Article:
Rodriguez De Quijas v. Shearson, American Express Inc/Dissent Stevens
Justice STEVENS, with whom Justice BRENNAN, Justice MARSHALL, and Justice BLACKMUN join, dissenting.
The Court of Appeals refused to follow Wilko v. Swan, 346 U.S. 427, 74 S.Ct. 182, 98 L.Ed. 168 (1953), a controlling precedent of this Court. As the majority correctly acknowledges, ante, at 484, the Court f Appeals therefore engaged in an indefensible brand of judicial activism.  We, of course, are not subject to the same restraint when asked to upset one of our own precedents. But when our earlier opinion gives a statutory provision concrete meaning, which Congress elects not to amend during the ensuing 31/2 decades, our duty to respect Congress' work product is strikingly similar to the duty of other federal courts to respect our work product. 
In the final analysis, a Justice's vote in a case like this depends more on his or her views about the respective lawmaking responsibilities of Congress and this Court than on conflicting policy interests. Judges who have confidence in their own ability to fashion public policy are less hesitant to change the law than those of us who are inclined to give wide latitude to the views of the voters' representatives on nonconstitutional matters. Cf. Boyle v. United Technologies Corp., 487 U.S. 500, 108 S.Ct. 2510, 101 L.Ed.2d 442 (1988). As I pointed out years ago, Alberto-Culver Co. v. Scherk, 484 F.2d 611, 615-620 (CA7 1973) (dissenting opinion), rev'd, 417 U.S. 506, 94 S.Ct. 2449, 41 L.Ed.2d 270 (1974), there are valid policy and textual arguments on both sides regarding the interrelation of federal securities and arbitration Acts.  See ante, at 479-484. None of these arguments, however, carries sufficient weight to tip the balance between judicial and legislative authority and overturn an interpretation of an Act of Congress that has been settled for many years.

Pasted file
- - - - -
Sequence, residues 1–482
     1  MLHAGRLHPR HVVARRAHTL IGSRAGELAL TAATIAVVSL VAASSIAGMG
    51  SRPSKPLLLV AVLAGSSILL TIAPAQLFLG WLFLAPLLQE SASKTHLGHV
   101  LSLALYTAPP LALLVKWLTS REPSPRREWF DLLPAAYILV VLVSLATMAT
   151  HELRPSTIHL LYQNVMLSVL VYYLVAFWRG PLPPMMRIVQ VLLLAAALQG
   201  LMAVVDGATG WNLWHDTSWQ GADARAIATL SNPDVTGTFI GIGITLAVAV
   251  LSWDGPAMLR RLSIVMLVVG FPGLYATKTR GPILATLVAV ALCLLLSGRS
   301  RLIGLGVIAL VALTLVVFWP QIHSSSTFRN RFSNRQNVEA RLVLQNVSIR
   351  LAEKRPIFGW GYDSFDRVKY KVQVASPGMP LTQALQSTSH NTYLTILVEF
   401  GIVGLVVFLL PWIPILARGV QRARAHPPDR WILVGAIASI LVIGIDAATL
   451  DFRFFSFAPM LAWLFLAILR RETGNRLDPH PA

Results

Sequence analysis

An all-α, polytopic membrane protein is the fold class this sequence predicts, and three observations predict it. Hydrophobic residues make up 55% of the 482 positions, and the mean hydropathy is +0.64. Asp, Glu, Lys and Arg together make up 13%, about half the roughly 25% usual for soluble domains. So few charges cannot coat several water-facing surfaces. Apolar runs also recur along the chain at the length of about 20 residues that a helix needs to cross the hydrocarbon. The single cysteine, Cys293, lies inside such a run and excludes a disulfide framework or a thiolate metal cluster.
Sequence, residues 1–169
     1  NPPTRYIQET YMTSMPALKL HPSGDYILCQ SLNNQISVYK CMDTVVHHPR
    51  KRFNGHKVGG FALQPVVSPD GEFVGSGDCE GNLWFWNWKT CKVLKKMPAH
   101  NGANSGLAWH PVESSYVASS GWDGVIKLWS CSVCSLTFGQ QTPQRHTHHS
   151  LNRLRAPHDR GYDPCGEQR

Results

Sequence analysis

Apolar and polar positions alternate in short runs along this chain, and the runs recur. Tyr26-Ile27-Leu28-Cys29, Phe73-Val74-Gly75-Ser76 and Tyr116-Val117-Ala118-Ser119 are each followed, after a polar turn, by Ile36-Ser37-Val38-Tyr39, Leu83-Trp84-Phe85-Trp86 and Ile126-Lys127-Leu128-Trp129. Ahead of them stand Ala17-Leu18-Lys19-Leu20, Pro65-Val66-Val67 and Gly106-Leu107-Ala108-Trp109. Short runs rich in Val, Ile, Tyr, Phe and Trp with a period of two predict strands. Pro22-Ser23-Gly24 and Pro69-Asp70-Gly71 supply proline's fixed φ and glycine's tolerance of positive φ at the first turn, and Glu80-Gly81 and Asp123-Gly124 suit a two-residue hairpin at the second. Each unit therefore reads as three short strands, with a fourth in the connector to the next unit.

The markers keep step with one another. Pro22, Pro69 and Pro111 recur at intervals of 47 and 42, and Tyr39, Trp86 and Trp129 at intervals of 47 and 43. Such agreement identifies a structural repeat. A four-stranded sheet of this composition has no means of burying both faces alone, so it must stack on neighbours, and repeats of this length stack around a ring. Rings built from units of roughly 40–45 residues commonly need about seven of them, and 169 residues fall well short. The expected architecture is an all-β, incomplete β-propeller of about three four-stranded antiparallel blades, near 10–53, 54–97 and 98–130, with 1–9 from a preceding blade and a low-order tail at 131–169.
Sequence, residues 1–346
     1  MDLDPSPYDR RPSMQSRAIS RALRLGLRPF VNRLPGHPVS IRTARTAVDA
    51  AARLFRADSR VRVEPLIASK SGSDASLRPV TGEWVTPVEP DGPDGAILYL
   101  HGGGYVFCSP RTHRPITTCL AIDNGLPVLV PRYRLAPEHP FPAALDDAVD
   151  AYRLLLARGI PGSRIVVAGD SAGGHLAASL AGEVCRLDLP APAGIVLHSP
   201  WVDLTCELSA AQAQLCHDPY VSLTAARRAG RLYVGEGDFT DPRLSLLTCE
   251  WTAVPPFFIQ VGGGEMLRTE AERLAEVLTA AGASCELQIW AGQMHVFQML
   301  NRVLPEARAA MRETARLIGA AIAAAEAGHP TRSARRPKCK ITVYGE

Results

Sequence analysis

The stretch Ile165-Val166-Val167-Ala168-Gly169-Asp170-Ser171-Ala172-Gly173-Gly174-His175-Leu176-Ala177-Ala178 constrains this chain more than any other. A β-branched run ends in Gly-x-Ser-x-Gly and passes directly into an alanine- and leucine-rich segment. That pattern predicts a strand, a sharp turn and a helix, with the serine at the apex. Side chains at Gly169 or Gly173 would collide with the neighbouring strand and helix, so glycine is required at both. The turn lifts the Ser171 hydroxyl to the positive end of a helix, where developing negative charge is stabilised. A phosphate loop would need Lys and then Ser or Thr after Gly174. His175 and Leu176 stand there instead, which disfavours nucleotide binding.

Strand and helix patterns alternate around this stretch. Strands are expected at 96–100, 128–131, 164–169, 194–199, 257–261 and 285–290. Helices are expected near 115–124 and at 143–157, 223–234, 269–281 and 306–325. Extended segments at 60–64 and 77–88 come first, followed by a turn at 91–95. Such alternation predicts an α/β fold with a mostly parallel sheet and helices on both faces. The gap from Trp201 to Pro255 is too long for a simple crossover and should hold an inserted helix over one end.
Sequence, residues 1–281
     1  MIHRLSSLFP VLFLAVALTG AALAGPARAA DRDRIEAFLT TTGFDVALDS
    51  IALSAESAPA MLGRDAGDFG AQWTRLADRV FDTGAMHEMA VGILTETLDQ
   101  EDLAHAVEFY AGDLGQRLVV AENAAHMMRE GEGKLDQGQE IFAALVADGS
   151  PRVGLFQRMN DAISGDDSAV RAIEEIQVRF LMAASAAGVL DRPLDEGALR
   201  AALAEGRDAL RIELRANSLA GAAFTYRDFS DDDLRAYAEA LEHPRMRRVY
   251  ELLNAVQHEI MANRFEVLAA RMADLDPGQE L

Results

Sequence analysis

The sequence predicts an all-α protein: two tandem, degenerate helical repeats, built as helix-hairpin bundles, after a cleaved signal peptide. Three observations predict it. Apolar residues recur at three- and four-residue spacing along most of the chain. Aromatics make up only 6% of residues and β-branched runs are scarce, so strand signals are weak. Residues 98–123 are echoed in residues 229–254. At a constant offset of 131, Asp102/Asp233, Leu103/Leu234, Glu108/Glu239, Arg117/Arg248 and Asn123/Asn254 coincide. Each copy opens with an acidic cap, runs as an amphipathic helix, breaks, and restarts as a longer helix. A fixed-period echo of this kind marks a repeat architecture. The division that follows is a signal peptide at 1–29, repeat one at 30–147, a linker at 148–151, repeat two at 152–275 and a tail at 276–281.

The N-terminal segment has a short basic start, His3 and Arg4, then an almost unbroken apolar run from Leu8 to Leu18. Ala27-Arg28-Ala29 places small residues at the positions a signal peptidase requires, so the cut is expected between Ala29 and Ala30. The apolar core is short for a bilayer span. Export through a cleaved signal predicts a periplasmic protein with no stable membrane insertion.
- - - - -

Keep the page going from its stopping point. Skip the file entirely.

I respectfully dissent.
^1 After the Court decided Shearson/American Express Inc. v. McMahon, 482 U.S. 220, 107 S.Ct. 2332, 96 L.Ed.2d 185 (1987), numerous District Courts also deviated from the rule established in Wilko v. Swan, and enforced predispute arbitration clauses in suits brought pursuant to the Securities Act of 1933. E.g., Reed v. Bear, Stearns & Co., 698 F.Supp. 835 (Kan.1988); Ryan v. Liss, Tenner & Goldberg Securities Corp., 683 F.Supp. 480 (NJ 1988); Kavouras v. Visual Products Systems, Inc., 680 F.Supp. 205 (WD Pa.1988); Aronson v. Dean Witter Reynolds, Inc., 675 F.Supp. 1324 (SD Fla.1987); DeKuyper v. A.G. Edwards & Sons, Inc., 695 F.Supp. 1367 (Conn.1987); Rosenblum v. Drexel Burnham Lambert Inc., 700 F.Supp. 874 (ED La.1987); Staiman v. Merrill Lynch, Pierce, Fenner & Smith, Inc., 673 F.Supp. 1009 (CD Cal.1987).
^2 Cf. McMahon, 482 U.S., at 268, 107 S.Ct., at 2359 (STEVENS, J., concurring in part and dissenting in part) ("[A]fter a statute has been construed . . . by this Court . . . it acquires a meaning that should be as clear as if the judicial gloss had been drafted by the Congress itself. This position reflects both respect for Congress' role, see Boys Market, Inc. v. Retail Clerks, 398 U.S. 235, 257-258, 90 S.Ct. 1583, 1595-1596, 26 L.Ed.2d 199 (1970) (BLACK, J., dissenting), and the compelling need to preserve the courts' limited resources, see B. Cardozo, The Nature of the Judicial Process 149 (1921)").
^3 Indeed the Court first debated some of these arguments in the precedent-setting opinion that the majority now overrules. Compare Wilko, 346 U.S., at 432-438, 74 S.Ct., at 185-189, with id., at 439-440, 74 S.Ct., at 189-190 (Frankfurter, J., dissenting). Most recently they were revisited in McMahon, supra, an action based upon the Securities Exchange Act of 1934. Compare 482 U.S., at 225-238, 107 S.Ct., at 2336-2344, with id., at 243-266, 107 S.Ct., at 2346-2358 (BLACKMUN, J., concurring in part and dissenting in part).